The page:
While pregnancy rates for women with fertility problems resulting from endometriosis are fairly good with no therapy and with only a trial waiting period, there may be women who need more aggressive treatment. Those women who are older and who feel the need to become pregnant more quickly or those women who have severe physical changes due to the disease, may consider surgical treatment. Also, women who are not interested in pregnancy, but who have severe, debilitating pain, may also consider surgery.
Conservative surgery attempts to remove the diseased tissue without risking damage to healthy surrounding tissue. This surgery is called laparotomy and is performed in a hospital under anesthesia. Pregnancy rates are highest during the first year after surgery, as recurrences of endometriosis are fairly common. The specifics of the surgery should be discussed with a doctor.
Some patients may need more radical surgery to correct the damage caused by untreated endometriosis. Hysterectomy and removal of the ovaries may be the only treatment possible if the ovaries are badly damaged. In some cases, hysterectomy alone without the removal of the ovaries may be reasonable.
New surgical treatments are being developed that further utilize the laparoscope instead of full abdominal surgery. During routine laparoscopy, the surgeon can cauterize small areas of endometriosis. Other evolving techniques include using a laser during laparoscopy to vaporize abnormal tissue. This involves a shorter recovery time. Laparoscopy treatment is possible, however, only if the surgeon can see pelvic structures clearly through the laparoscope. These newer techniques should be performed by surgeons specializing in such delicate procedures. Although these techniques are promising, more study is needed to determine if they yield results comparable to conventional surgical management.
Where To Look For Answers...
Because endometriosis affects each woman differently, it is essential that the patient maintains a good, clear, honest communication with her doctor. For the single truth about endometriosis is that there are no clear-cut, universal answers.
If pregnancy is an issue, then age may affect the treatment plan. If it is not an issue, then treatment decisions will depend primarily on the severity of symptoms.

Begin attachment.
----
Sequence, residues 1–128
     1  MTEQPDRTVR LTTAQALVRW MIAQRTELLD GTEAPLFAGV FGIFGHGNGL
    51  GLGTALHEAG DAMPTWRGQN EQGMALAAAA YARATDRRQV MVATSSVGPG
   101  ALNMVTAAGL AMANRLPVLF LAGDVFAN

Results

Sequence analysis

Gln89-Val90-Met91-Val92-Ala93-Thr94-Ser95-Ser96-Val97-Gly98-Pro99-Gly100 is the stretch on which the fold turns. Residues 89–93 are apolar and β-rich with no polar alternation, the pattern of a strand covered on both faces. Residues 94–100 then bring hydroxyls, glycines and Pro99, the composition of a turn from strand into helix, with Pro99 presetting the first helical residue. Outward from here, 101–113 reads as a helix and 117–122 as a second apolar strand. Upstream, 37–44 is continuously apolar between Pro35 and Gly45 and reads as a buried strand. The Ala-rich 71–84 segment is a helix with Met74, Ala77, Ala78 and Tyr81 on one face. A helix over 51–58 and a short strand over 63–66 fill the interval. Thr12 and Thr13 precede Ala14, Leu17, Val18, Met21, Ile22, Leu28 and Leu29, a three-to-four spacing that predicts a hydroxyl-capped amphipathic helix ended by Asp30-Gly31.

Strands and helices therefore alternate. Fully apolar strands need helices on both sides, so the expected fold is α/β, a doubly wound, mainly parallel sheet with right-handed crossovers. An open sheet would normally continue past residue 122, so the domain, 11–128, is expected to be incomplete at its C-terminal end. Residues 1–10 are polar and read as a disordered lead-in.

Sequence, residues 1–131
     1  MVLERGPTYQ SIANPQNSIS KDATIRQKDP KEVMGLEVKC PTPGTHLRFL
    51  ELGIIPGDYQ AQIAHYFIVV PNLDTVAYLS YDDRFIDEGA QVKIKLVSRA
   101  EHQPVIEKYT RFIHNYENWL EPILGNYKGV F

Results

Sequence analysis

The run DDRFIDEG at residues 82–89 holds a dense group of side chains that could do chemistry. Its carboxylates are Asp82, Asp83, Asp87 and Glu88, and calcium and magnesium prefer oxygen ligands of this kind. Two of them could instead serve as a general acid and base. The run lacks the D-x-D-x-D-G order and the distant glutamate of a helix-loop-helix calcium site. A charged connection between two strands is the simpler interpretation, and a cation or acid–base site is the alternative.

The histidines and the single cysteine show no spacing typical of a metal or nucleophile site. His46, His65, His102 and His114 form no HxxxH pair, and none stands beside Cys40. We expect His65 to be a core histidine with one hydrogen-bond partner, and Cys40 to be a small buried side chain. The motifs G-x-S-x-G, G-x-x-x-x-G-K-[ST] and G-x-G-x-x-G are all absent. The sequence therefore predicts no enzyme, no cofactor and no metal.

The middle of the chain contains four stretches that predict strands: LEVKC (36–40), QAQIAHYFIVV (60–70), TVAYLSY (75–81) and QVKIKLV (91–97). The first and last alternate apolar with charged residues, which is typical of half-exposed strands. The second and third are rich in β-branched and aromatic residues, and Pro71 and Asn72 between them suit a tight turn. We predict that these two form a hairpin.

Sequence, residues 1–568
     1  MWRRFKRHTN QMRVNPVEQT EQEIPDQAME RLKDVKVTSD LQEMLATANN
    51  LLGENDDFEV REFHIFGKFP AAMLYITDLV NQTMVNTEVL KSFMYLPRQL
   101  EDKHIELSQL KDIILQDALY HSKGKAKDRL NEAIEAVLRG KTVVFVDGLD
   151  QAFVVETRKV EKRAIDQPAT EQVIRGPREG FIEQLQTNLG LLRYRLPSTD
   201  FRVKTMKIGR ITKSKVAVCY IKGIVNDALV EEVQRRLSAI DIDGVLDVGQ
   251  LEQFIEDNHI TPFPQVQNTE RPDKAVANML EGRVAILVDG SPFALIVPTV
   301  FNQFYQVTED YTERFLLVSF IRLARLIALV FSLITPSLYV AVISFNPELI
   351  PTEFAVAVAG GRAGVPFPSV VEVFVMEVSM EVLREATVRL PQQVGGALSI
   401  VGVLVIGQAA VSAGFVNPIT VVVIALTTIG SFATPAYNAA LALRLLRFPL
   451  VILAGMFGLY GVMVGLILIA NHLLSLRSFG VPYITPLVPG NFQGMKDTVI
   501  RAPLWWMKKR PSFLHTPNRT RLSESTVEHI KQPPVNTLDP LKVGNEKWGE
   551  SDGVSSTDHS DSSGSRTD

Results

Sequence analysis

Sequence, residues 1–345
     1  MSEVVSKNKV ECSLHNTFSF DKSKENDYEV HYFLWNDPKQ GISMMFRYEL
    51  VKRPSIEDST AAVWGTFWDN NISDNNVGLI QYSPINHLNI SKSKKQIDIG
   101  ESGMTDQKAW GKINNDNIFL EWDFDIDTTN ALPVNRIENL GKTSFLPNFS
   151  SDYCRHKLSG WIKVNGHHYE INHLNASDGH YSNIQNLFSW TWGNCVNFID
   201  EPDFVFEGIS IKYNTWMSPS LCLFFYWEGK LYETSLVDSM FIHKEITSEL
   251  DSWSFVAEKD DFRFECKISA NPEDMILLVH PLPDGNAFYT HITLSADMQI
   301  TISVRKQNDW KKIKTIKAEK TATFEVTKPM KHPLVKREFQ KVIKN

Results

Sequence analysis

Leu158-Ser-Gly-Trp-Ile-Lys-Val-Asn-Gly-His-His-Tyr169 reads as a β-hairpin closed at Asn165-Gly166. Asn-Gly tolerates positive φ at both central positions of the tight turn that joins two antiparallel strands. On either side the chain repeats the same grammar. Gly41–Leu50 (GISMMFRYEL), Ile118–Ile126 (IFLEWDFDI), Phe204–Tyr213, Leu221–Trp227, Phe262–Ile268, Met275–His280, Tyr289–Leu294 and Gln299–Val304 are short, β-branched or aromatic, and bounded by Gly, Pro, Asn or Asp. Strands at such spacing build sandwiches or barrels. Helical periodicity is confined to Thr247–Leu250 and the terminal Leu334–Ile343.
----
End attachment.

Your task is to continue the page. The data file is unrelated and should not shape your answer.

A number of organizations provide information about the diagnosis and treatment of endometriosis and offer support to women affected by this disease and their families.
8585 North 76th Place
Milwaukee, Wisconsin 53223
The American College of Obstetricians and Gynecologists
409 12th Street, SW
Washington, DC 20024-2188
American Society for Reproductive Medicine (ASRM)
1209 Montgomery Highway
Birmingham, Alabama 35216-2809
Resources: Endometriosis is covered in the free email newsletter, The Autoimmune Report. Subscribe now (or see the Newsletters Signup page for more information.
Identifying and healing autoimmune conditions is also the topic of the new book from Mary Shomon, Living Well With Autoimmune Disease, coming in October 2002. Find out more about the book now, and you can even pre-order an advance copy for delivery hot off the press.
For a free booklet containing information on cramps, chronic pelvic pain and endometriosis, call 1-866-FOR-ENDO (1-866-367-3636) or visit www.healthywomen.org.
For more information on endometriosis, see the Endometriosis Association or go to www.KillerCramps.org.
Sources: NAPSI, National Institute of Child Health and Human Development, NIH Publication number 91-2413
All information is intended for your general knowledge only and is not a substitute for medical advice or treatment for specific medical conditions. You should seek prompt medical care for any specific health issues and consult your physician or health practitioner before starting a new treatment program. Please see our full disclaimer.